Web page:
Richard Allen — A Poem

Andrea D. Price
2 min readFeb 14, 2023

His praying knees became weapons, so he learned to pray with his feet

He jumped on his wagon and sold salt during the Revolutionary War.
He preached to all who would listen, “Let’s study war no more.”

His praying knees became weapons, so he learned to pray with his feet

He walked along the east coast until his feet became bloody, bruised, and sore. He traveled from the city to the countryside and preached and preached even more.

His praying knees became weapons, so he learned to pray with his feet

He walked to Southwark and Northern Liberty in Philly, preaching four to five times a day. He tried to build a church for worship, but opposition got in the way.

His praying knees became weapons, so he learned to pray with his feet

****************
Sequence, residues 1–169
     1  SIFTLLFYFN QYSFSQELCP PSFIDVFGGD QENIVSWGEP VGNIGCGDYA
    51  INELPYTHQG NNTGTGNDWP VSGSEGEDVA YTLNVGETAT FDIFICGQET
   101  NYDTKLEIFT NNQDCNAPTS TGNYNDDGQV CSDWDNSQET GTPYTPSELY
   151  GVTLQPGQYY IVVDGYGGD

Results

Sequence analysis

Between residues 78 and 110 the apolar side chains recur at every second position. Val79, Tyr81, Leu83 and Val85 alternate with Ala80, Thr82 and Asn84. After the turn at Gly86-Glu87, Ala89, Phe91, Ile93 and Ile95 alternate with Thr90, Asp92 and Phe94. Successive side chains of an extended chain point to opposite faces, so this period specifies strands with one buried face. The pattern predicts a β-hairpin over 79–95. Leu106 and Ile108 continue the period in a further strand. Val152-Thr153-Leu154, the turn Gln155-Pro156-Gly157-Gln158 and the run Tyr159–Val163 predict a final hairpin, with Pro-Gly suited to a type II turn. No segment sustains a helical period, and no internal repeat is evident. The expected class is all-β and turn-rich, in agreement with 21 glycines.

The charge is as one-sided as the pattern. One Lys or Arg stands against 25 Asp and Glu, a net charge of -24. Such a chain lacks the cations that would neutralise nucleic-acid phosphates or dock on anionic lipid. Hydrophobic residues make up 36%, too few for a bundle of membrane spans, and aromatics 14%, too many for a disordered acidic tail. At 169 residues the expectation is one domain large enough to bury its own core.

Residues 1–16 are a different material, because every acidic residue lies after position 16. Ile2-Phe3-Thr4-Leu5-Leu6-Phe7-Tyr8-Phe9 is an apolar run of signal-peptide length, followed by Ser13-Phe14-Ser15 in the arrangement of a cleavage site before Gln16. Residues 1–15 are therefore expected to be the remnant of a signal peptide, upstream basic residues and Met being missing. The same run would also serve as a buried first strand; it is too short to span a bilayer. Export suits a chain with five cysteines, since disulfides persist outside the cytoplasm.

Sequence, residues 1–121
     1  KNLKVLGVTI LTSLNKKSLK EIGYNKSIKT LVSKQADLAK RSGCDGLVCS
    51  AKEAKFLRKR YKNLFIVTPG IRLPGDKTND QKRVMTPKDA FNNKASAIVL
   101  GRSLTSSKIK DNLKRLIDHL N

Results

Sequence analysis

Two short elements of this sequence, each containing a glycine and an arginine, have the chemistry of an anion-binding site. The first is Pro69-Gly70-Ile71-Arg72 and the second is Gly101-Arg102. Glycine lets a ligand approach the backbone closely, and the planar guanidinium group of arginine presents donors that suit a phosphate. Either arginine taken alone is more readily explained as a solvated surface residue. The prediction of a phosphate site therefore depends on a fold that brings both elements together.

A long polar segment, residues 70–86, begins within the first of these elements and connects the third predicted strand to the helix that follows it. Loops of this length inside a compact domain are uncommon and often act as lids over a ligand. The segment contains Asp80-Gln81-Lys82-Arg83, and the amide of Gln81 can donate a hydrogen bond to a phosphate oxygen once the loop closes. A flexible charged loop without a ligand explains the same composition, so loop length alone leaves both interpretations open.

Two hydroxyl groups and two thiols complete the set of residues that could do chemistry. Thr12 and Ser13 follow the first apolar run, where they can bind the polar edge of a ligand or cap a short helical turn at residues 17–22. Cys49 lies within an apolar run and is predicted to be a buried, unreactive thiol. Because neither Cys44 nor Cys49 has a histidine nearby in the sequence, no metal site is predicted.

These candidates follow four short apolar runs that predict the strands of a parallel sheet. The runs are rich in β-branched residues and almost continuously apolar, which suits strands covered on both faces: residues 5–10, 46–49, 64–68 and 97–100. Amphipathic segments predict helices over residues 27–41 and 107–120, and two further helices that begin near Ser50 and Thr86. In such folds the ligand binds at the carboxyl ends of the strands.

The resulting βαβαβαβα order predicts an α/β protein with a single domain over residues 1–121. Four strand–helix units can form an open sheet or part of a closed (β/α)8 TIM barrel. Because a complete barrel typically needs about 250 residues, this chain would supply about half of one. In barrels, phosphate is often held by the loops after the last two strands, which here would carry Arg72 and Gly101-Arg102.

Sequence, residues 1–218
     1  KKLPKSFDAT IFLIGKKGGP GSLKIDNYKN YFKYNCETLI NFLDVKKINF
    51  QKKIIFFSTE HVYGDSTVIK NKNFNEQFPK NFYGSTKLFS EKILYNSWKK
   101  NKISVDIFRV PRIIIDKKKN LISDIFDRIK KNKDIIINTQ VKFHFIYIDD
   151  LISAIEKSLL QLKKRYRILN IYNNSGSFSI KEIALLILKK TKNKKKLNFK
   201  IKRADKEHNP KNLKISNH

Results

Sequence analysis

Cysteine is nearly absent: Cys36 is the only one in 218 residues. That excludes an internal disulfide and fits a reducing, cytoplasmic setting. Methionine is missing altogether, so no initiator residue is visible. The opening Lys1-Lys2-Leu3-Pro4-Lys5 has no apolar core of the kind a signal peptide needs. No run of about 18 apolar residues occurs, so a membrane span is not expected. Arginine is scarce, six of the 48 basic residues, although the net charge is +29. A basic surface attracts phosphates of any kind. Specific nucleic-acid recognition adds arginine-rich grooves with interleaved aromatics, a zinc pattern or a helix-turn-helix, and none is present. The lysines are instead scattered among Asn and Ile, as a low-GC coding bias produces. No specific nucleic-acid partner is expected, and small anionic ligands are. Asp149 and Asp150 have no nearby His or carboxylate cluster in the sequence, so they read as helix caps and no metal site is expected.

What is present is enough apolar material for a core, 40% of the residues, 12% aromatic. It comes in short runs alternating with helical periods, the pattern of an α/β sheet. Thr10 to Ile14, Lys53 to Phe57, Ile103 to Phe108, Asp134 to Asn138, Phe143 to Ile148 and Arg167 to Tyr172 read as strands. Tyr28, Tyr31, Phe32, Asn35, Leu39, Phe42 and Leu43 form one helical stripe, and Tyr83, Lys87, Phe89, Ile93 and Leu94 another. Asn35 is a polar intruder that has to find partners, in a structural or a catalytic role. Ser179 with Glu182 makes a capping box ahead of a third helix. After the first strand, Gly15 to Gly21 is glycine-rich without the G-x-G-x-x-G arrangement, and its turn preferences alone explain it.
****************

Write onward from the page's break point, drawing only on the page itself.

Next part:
He ran with Absalom Jones; they partnered to get things done. Together they formed the Free African Society to ensure Africans had funds.

His praying knees became weapons, so he learned to pray with his feet

He walked to St. George’s with other Africans, where they hoped to pray. After falling on their knees and giving God their pleas, they were asked to go away.

His praying knees became weapons, so he learned to pray with his feet

He and others ran from St. George’s, prayed, and worshiped God as they pleased. They built a new “House of Worship,” to God they had to cleave.

His praying knees became weapons, so he learned to pray with his feet

He walked to an old blacksmith’s shop, bought it, and moved it to a new place. He turned it into the “House of God,” and it became African Methodism’s home base.

His praying knees became weapons, so he learned to pray with his feet.

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